This article presents a thorough analysis of dual practice among physicians who work in both the public and private sectors. A conceptual framework is presented to help the reader understand dual practice and the contexts where it takes place. The article reviews the existing theoretical and empirical literature on this form of dual practice among physicians. It analyzes the extent of this phenomenon, the underlying factors that motivate physicians to engage in dual practice, and the main implications of their decision to do so. It also examines and discusses current policies that address dual practice. In this regard, the article provides some qualified support for the use of "rewarding" policies to retain physicians in the public sectors of more developed countries, while "limiting" policies are recommended for developing countries - with the caveat that the policies should be accompanied by the strengthening of institutional and contracting environments. The article highlights the lack of quality evaluative evidence regarding the consequences of dual practice on the delivery of health care services. It concludes that the overall impact of dual practice remains an open question that warrants more attention from researchers and policy makers alike. © 2011 by Duke University Press.
Avitabile C.,Inter American Development Bank |
Avitabile C.,New York University
Journal of Human Resources | Year: 2012
We use data from the evaluation sample of Mexico's Food Assistance Program (PAL) to study whether including the attendance at health and nutrition classes among the requirements for receiving a transfer affects the health behavior of adults living in localities targeted by the program. The experimental trial has four different treatment types, randomly assigned to four groups of localities, one of which receives the in-kind transfer without the requirement to attend any health or nutrition sessions. Adult women living in localities where the in-kind transfer is conditional on class attendance display a significantly better health behavior than those living in localities where it is not. There is no significant evidence of changes in health outcomes among men. © 2012 by the Board of Regents of the University of Wisconsin System.
Guanais F.C.,Inter American Development Bank
Revista Panamericana de Salud Publica/Pan American Journal of Public Health | Year: 2013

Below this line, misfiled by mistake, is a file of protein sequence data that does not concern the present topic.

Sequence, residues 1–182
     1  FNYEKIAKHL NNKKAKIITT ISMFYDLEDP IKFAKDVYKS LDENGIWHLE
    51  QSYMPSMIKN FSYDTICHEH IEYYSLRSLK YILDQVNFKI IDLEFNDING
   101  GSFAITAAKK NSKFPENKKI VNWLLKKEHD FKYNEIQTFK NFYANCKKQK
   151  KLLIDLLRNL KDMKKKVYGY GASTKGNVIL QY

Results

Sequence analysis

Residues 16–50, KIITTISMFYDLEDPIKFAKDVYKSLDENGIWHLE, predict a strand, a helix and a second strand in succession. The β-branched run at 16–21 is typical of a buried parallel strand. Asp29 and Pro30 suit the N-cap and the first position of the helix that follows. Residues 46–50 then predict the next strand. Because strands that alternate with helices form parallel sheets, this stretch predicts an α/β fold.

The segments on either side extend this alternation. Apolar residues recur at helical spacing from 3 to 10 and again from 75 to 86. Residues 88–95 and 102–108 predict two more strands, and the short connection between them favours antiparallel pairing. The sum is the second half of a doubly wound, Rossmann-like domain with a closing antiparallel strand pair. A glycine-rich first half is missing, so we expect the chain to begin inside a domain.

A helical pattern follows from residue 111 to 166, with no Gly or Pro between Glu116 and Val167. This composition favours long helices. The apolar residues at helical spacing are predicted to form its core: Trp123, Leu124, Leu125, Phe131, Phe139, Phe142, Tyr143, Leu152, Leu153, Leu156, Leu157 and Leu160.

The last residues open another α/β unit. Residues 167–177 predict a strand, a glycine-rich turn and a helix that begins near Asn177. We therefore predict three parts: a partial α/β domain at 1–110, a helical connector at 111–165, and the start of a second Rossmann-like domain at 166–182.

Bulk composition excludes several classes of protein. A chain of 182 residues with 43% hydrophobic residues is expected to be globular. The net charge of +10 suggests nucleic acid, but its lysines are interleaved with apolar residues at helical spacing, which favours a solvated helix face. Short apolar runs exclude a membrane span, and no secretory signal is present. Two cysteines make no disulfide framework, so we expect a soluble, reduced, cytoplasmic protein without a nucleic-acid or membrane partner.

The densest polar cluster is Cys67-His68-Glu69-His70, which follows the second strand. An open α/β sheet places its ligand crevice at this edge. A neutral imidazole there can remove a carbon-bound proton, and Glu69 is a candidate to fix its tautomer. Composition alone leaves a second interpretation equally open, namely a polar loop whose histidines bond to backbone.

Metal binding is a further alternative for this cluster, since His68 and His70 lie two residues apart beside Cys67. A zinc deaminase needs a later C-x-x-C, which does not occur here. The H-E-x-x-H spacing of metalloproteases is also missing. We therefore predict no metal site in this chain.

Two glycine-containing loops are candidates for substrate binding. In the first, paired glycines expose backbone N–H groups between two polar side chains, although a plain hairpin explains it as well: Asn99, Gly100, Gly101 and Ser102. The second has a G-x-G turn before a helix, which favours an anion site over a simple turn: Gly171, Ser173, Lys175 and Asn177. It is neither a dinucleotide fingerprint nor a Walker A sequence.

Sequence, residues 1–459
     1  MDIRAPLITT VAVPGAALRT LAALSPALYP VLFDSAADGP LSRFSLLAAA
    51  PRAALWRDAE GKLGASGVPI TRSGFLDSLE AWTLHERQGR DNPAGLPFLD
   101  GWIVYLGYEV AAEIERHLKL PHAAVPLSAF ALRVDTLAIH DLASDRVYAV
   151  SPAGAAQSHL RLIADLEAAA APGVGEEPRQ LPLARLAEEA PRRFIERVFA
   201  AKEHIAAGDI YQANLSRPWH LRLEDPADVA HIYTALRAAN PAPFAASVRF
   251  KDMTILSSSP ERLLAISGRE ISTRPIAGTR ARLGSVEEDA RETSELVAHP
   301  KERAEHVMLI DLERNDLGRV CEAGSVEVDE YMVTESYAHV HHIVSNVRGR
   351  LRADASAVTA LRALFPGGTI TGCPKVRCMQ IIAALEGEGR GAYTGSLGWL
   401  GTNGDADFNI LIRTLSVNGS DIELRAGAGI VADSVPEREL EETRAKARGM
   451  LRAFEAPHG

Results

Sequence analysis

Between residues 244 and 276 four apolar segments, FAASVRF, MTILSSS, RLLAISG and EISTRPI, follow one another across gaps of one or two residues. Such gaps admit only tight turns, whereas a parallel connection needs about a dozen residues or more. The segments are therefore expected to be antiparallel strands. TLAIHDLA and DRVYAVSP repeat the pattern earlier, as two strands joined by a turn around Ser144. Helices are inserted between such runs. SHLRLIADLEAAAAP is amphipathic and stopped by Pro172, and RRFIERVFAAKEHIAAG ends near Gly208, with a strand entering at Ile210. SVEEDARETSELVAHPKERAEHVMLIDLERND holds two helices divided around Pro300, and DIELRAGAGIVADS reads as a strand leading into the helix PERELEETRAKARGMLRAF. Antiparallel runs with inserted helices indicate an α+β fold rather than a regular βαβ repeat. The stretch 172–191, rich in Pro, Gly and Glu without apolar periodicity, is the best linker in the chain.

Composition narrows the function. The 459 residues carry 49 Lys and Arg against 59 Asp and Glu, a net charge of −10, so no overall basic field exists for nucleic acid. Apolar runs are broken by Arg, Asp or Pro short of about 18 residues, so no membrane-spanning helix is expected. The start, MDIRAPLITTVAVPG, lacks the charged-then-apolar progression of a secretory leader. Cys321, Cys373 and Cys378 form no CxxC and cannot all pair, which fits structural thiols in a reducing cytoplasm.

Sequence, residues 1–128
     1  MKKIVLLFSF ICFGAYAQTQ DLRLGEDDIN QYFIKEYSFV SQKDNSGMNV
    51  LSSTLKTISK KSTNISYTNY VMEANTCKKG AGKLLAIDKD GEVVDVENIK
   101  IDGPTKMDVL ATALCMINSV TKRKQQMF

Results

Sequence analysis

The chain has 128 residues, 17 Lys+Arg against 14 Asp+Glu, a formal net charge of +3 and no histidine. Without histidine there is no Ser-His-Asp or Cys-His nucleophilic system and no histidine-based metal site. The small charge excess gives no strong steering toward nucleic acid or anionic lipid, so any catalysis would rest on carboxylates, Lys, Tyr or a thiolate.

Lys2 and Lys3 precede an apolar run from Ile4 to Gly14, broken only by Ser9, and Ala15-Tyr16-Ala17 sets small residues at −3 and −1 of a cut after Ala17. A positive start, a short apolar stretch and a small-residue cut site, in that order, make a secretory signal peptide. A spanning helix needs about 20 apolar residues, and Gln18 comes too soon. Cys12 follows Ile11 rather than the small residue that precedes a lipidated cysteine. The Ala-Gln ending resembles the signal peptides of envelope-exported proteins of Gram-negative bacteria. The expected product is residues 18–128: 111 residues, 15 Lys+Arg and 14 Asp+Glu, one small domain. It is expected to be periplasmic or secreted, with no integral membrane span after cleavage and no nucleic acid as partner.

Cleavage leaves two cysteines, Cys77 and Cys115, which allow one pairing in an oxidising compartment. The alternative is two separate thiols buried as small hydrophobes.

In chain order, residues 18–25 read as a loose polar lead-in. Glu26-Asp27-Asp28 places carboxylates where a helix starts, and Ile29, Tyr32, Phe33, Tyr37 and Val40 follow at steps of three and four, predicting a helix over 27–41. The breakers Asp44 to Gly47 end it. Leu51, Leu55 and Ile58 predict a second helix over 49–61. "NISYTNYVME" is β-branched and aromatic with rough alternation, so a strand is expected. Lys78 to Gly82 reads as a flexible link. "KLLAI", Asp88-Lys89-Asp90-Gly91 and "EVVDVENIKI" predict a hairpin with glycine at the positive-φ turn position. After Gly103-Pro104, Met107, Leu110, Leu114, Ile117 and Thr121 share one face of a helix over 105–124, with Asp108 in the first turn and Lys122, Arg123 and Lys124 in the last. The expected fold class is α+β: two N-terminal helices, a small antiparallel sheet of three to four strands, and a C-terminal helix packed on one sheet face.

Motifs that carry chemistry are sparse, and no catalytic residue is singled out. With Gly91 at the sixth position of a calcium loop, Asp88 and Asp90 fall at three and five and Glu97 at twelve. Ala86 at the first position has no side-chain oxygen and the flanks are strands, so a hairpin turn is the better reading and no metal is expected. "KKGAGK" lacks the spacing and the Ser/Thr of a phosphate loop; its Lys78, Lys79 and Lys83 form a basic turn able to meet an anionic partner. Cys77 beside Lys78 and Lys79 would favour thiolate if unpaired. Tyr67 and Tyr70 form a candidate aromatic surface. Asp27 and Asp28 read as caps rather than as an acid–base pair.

Objective. To propose a method for the interpolation of yearly local-level covariates of health status that is suitable for panel data analysis of the effect of health services. Methods. The proposed method distributes the yearly rate of growth of covariates at the regional level (e.g., state) from household survey data, and applies it to interpolate yearly data at the local level (e.g., municipality) between two consecutive census surveys. The method was applied to municipal-level socioeconomic covariates of health status in Brazil for every year between 2001 and 2009. The data was tested on a previously validated analysis of the effects of the Family Health Program on post-neonatal infant mortality in Brazil. Results. A total of 895 628 values were generated for 20 socioeconomic predictors of health status. Valid data were obtained for 5 057 municipalities in the Northeast, Southeast, South, and Center-West regions of Brazil, from 2001 to 2009, covering 98.89% of the municipalities in these regions and 90.87% of municipalities in the country. A supplemental annex includes the interpolated data from 2001 to 2009, plus the 2000 and 2010 census data, for all 5 057 municipalities. An application on a fixed-effect regression model suggested that, compared to linear interpolation, the proposed method reduced multi-collinearity and improved the precision of the estimates of the effects of health services. Conclusions. The advantages of the proposed interpolation method suggest that it is a feasible solution for panel data analysis of health services at the local level in Brazil and other countries.